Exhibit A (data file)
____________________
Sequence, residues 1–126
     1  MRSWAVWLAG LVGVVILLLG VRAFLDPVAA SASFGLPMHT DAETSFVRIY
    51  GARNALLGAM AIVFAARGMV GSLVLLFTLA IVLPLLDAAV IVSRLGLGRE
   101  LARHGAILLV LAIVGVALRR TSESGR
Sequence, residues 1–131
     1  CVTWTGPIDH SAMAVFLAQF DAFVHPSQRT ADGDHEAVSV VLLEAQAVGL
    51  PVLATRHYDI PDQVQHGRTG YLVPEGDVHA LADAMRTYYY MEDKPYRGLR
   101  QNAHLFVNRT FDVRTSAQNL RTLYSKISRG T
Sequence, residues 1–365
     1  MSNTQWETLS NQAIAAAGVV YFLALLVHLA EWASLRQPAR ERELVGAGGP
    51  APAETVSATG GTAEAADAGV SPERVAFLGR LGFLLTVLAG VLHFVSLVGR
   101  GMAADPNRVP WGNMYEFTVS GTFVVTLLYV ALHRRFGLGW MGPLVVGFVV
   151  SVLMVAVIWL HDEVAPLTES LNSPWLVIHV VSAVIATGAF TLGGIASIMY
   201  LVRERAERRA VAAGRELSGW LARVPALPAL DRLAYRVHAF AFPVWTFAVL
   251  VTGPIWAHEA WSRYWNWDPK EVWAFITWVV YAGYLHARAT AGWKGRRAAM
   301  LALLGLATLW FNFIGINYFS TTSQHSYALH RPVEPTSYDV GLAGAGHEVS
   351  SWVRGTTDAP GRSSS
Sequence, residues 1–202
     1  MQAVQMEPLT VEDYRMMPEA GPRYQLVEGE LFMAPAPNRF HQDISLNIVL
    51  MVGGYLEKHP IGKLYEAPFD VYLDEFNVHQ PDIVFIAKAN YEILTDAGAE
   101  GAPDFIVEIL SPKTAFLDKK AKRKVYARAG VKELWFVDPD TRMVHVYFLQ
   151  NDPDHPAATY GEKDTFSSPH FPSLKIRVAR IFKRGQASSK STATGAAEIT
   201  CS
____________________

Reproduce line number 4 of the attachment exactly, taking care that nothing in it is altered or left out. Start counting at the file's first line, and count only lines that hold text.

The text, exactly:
   101  LARHGAILLV LAIVGVALRR TSESGR